Microsoft Office Tutorials and References
In Depth Information
Emailing your Microsoft Office files
Cc is short for carbon copy, a relic from the time of typewriters and carbon paper.
If you Cc somebody, they will get a copy of the email too. You might wonder why
there is a Cc box at all, since you could simply add the person’s name in the To
box. It’s just a slightly different way of addressing someone. If you copy somebody
on an email, you’re merely keeping them in the loop. If you address somebody in
the To box, you’re probably expecting them to reply.
Bcc is short for blind carbon copy. This is a bit sneakier. Normally, all recipients of
the same email can see each other’s addresses; but anybody addressed in the Bcc
fi eld is hidden from the other recipients. The Bcc addressee will be able to see the
people in the To and Cc boxes, but the others won’t be able to see them. You can
put multiple people into the Bcc box, and they will all be hidden from each other
and everyone else. The main use for this is if you’re emailing a lot of people who
don’t know each other. It might be seen as rude to be giving out people’s email
addresses to people they don’t know, so if you put all the addresses into the Bcc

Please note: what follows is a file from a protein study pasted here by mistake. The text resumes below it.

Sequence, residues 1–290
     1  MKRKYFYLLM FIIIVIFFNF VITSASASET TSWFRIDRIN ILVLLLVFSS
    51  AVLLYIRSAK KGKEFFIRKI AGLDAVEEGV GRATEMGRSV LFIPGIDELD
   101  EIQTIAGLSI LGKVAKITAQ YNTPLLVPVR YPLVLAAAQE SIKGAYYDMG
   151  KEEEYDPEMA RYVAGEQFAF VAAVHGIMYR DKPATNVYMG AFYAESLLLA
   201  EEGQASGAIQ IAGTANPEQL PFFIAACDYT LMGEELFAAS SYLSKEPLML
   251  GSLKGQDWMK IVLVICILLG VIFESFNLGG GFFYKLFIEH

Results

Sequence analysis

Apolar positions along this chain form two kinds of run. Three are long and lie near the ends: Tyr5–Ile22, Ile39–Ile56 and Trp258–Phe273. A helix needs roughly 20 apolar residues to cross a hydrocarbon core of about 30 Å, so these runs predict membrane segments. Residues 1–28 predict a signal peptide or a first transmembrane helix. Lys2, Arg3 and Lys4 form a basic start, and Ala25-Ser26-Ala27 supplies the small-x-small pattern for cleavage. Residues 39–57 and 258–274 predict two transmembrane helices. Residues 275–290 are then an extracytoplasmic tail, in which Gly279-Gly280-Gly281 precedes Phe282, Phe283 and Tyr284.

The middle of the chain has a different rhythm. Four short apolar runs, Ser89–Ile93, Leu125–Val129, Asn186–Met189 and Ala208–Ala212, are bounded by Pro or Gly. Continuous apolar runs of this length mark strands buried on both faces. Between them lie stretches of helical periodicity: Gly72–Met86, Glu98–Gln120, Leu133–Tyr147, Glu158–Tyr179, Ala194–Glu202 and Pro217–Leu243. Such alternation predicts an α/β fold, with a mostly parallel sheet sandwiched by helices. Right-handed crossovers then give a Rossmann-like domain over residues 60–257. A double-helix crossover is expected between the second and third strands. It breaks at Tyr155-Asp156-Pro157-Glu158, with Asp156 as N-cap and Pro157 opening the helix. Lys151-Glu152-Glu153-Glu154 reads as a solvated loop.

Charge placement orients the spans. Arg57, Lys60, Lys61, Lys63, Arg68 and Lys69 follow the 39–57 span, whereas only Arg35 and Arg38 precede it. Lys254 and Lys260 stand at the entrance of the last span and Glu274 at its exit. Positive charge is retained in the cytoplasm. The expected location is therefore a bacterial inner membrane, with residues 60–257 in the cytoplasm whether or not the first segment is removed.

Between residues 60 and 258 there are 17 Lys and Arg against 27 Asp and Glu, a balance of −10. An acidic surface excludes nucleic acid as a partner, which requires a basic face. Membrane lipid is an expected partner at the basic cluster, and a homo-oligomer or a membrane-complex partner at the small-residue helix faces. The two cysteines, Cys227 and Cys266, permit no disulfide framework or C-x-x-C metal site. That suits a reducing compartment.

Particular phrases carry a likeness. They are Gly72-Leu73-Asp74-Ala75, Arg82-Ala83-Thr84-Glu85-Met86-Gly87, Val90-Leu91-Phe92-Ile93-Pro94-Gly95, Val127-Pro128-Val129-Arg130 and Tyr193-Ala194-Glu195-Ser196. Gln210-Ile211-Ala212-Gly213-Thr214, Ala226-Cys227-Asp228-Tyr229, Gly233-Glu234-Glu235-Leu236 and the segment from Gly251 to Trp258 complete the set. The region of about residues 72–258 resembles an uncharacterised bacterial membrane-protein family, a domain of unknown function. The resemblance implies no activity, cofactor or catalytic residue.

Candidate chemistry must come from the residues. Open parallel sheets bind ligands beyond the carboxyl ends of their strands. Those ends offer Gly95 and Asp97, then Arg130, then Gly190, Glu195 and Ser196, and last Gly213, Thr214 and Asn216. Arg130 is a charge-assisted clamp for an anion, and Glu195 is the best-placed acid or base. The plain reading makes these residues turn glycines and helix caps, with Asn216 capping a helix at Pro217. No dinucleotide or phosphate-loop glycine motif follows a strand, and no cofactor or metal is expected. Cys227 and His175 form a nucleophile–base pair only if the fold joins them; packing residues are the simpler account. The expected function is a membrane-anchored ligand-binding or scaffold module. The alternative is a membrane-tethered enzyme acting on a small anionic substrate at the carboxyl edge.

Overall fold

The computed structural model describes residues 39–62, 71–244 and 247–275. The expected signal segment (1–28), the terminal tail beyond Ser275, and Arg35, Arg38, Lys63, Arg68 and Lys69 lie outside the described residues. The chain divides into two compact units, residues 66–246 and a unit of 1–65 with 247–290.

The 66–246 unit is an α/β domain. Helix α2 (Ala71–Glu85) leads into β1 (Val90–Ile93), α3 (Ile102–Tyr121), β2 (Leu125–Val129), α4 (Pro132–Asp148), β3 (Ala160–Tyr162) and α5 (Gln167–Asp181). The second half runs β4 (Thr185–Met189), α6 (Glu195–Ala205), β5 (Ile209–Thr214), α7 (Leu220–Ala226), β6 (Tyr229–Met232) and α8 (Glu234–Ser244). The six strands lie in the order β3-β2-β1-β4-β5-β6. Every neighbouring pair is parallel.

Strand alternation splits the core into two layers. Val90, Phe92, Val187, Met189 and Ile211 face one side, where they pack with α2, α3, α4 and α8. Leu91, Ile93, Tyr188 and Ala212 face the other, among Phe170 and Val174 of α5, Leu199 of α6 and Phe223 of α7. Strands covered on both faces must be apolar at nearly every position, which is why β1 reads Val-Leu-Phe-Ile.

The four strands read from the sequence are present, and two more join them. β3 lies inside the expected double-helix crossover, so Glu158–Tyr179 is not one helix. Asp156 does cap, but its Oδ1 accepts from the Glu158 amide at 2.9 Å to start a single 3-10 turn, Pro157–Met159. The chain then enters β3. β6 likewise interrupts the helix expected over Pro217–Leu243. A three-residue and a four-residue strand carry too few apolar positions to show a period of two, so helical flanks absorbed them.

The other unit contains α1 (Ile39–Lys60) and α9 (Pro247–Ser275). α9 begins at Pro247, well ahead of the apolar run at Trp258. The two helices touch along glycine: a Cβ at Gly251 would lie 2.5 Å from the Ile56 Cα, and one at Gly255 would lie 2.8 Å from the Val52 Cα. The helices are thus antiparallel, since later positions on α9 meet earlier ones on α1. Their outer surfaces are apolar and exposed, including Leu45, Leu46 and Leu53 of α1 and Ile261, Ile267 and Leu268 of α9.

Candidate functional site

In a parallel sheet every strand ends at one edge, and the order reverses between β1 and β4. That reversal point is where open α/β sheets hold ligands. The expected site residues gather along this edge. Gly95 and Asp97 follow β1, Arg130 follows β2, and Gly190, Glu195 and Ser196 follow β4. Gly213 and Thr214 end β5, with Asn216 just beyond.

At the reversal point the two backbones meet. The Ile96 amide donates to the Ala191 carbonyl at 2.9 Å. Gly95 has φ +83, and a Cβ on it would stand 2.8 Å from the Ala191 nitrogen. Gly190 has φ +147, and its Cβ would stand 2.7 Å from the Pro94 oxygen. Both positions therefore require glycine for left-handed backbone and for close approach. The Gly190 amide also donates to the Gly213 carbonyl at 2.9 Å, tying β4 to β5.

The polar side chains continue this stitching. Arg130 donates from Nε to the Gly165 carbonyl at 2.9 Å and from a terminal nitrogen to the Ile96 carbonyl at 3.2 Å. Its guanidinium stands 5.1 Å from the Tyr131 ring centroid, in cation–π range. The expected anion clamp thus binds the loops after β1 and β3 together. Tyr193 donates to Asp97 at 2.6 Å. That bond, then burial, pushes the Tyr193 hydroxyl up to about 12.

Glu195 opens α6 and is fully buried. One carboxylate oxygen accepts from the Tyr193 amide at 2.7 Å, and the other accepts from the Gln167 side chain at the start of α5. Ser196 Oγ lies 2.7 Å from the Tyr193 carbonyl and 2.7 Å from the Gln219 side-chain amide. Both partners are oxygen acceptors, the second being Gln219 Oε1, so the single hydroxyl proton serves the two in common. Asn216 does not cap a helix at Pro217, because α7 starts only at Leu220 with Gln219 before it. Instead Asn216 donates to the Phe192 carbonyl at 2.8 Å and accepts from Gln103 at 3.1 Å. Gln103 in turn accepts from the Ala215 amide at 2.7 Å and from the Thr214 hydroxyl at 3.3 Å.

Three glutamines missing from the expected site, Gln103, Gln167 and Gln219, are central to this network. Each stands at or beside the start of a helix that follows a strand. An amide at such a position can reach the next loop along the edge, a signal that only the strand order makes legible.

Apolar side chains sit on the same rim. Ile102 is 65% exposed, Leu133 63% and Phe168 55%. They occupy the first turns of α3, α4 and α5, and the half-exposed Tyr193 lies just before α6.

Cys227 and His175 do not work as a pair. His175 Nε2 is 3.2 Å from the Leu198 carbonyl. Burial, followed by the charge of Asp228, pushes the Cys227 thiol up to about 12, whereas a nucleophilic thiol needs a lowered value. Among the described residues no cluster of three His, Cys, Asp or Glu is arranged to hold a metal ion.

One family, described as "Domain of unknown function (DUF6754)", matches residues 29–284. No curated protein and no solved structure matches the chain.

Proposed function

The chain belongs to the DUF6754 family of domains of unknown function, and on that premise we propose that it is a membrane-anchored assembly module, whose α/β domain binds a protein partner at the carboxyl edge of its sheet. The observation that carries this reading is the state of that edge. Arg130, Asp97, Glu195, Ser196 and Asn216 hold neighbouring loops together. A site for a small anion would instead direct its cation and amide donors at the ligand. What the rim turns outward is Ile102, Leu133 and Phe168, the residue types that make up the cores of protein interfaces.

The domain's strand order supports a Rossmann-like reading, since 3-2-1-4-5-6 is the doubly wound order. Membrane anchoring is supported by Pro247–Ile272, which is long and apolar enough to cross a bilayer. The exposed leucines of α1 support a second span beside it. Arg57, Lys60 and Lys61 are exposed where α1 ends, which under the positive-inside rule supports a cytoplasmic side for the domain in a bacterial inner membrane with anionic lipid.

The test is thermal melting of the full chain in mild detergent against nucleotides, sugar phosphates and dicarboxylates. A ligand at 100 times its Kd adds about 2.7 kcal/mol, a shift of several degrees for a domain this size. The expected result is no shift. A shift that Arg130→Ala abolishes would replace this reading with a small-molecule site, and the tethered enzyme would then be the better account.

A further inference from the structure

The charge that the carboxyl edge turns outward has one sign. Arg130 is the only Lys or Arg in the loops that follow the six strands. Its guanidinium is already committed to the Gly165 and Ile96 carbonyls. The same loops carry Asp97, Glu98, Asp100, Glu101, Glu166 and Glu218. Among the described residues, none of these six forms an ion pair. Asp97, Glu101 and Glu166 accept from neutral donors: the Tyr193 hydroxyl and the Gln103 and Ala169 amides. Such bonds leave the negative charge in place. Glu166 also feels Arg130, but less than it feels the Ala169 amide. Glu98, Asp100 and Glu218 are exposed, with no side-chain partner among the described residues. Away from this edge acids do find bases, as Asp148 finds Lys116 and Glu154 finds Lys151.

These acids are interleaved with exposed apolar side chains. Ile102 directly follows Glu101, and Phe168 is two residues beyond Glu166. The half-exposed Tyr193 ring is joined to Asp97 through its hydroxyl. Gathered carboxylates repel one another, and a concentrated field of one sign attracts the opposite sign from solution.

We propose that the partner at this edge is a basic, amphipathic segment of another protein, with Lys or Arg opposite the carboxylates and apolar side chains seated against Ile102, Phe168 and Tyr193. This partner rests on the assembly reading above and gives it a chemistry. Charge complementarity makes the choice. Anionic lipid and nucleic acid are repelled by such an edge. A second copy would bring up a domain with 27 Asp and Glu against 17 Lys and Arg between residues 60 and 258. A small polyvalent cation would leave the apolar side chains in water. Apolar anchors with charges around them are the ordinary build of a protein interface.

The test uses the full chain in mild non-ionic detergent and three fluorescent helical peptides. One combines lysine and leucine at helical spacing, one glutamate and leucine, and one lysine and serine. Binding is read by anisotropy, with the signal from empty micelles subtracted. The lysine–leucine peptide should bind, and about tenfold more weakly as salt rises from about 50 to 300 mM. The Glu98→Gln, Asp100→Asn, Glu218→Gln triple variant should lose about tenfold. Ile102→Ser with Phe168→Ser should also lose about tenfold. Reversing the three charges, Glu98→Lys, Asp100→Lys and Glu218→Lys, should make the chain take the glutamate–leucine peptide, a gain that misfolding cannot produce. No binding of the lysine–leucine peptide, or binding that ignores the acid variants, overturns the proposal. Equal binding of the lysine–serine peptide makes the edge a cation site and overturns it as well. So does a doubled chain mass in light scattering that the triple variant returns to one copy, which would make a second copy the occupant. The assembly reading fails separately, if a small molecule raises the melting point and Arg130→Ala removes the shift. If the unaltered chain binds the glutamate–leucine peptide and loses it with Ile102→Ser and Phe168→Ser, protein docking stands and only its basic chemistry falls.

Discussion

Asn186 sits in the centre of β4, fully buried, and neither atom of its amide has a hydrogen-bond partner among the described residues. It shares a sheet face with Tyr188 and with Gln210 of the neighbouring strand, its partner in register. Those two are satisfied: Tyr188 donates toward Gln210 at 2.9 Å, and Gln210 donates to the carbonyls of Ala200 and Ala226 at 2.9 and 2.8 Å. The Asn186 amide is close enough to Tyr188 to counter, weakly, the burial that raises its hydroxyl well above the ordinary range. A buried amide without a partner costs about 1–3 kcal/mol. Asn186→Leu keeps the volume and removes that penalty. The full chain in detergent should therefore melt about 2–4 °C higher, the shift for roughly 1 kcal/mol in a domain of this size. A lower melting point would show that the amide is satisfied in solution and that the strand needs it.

fi eld, all the email addresses will be kept secret.
Emailing your Microsoft Offi ce fi les
You can send Offi ce fi les with your emails. When you add a fi le to an email, it’s
called an attachment, a nod to the days when you might have attached something
to your letter with a paperclip. Now, you do it with the simple press of a button.
But fi rst, you need to think carefully about how your document will be used.
Offi ce 2010 and Offi ce 2007 save their fi les in a new way, which older versions
of Offi ce can’t open. Some people don’t use Offi ce at all, so they can’t open any
Offi ce fi les. You can save your fi le as a different fi le type for these people, though,
so it will work with the software they do have. The drawback is that they might not
be able to do any editing or you might lose some of the more advanced formatting
along the way.
Table 9.1 shows the main types of fi le you can create using Offi ce and some of the
problems you might encounter with them. The fi le types higher up the table tend
to offer a better experience for recipients, so go for the fi rst one you know people
can open. The best way to work out what fi le type to send is often to ask the
recipient what they want. Most people do have Offi ce, so it’s a question of which
version. If somebody doesn’t have Offi ce, or if it’s important to preserve the appearance
of a document, most people can open (but not edit) PDFs.
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